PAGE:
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Acta Psychol (Amst). 2016 Sep;169:11-9. doi: 10.1016/j.actpsy.2016.05.001. Epub 2016 May 18.

Video game players show higher performance but no difference in speed of attention shifts.

Author information

1
Hertie Institute for Clinical Brain Research, Department of Cognitive Neurology, University of Tübingen, Tübingen, Germany; Department of Neurology, UniversityHospital Zurich, Switzerland. Electronic address: david-jule.mack@iis.ee.ethz.ch.
2
Hertie Institute for Clinical Brain Research, Department of Cognitive Neurology, University of Tübingen, Tübingen, Germany.

Abstract

Video games have become both a widespread leisure activity and a substantial field of research. In a variety of tasks, video game players (VGPs) perform better than non-video game players (NVGPs). This difference is most likely explained by an alteration of the basic mechanisms underlying visuospatial attention. More specifically, the present study hypothesizes that VGPs are able to shift attention faster than NVGPs. Such alterations in attention cannot be disentangled from changes in stimulus-response mappings in reaction time based measurements. Therefore, we used a spatial cueing task with varying cue lead times (CLTs) to investigate the speed of covert attention shifts of 98 male participants divided into 36 NVGPs and 62 VGPs based on their weekly gaming time. VGPs exhibited higher peak and mean performance than NVGPs. However, we did not find any differences in the speed of covert attention shifts as measured by the CLT needed to achieve peak performance. Thus, our results clearly rule out faster stimulus-response mappings as an explanation for the higher performance of VGPs in line with previous studies. More importantly, our data do not support the notion of faster attention shifts in VGPs as another possible explanation.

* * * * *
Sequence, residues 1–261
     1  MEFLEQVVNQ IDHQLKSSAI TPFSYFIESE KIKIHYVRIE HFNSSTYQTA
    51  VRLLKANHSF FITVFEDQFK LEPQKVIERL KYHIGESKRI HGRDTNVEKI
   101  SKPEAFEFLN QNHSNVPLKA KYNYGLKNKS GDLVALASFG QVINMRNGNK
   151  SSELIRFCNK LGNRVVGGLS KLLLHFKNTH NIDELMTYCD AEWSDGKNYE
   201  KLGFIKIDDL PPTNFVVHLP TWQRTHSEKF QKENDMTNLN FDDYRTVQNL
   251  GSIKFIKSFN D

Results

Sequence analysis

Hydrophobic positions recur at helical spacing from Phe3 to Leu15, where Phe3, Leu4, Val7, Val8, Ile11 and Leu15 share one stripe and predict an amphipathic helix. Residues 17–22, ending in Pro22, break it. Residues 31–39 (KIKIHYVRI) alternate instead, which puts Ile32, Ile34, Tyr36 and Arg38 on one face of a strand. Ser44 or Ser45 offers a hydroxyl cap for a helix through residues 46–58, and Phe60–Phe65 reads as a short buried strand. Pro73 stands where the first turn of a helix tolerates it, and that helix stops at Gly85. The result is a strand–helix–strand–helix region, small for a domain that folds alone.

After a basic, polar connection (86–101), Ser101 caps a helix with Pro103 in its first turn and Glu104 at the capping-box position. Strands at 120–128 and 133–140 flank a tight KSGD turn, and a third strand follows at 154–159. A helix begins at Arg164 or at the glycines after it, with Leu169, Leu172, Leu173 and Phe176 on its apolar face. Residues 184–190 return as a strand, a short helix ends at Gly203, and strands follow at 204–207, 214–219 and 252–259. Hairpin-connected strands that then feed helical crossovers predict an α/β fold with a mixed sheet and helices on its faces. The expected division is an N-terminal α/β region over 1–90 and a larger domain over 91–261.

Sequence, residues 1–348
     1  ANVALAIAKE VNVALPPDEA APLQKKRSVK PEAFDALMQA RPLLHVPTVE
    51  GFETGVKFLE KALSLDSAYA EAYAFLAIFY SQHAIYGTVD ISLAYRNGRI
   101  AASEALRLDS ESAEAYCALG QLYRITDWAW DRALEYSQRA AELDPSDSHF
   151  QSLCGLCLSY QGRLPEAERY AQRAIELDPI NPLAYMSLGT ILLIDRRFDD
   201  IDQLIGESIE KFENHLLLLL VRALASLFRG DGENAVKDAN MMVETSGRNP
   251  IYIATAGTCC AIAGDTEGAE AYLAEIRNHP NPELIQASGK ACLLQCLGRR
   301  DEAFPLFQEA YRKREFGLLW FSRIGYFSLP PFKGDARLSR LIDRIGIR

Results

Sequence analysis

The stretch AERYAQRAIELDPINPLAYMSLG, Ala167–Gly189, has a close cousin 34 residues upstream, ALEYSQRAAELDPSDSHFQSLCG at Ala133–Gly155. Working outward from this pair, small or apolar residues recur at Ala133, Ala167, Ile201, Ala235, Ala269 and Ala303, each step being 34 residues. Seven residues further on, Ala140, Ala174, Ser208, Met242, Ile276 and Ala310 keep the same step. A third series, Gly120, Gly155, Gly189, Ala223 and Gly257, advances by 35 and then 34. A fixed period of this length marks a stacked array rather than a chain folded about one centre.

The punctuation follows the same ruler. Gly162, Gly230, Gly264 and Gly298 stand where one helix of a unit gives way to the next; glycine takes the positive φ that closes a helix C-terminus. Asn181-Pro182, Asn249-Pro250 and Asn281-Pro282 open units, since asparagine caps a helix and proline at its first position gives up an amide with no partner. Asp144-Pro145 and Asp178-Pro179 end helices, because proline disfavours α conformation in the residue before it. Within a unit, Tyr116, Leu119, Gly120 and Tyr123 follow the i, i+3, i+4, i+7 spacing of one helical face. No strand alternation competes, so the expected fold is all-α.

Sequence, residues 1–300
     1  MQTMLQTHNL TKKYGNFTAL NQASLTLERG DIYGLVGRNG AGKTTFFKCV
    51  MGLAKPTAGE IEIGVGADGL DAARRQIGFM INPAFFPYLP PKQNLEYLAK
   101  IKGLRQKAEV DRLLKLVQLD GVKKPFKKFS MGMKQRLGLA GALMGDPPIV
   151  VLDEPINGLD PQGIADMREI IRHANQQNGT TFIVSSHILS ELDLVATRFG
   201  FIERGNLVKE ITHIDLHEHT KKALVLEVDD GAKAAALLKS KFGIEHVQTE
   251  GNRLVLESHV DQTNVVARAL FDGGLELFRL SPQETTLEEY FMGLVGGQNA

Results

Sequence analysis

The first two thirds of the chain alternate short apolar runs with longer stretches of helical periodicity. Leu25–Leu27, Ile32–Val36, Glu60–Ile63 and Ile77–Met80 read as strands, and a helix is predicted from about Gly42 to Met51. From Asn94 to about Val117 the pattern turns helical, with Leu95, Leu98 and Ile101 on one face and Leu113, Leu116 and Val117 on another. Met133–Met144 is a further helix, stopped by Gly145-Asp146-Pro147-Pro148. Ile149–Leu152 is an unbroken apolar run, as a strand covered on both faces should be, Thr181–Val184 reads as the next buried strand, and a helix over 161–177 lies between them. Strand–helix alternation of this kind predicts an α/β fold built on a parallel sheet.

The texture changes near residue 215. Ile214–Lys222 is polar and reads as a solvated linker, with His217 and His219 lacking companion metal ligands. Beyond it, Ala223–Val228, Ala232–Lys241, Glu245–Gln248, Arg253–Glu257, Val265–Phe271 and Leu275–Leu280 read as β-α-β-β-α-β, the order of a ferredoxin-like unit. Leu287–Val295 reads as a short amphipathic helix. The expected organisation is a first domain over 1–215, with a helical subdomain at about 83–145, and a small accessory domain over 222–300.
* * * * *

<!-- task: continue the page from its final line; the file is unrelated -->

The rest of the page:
KEYWORDS:

Exogenous vs. endogenous; Information processing; Spatial cueing; Stimulus-response mapping; Top-down control; Video games

PMID:
27203594
DOI:
10.1016/j.actpsy.2016.05.001
[Indexed for MEDLINE]

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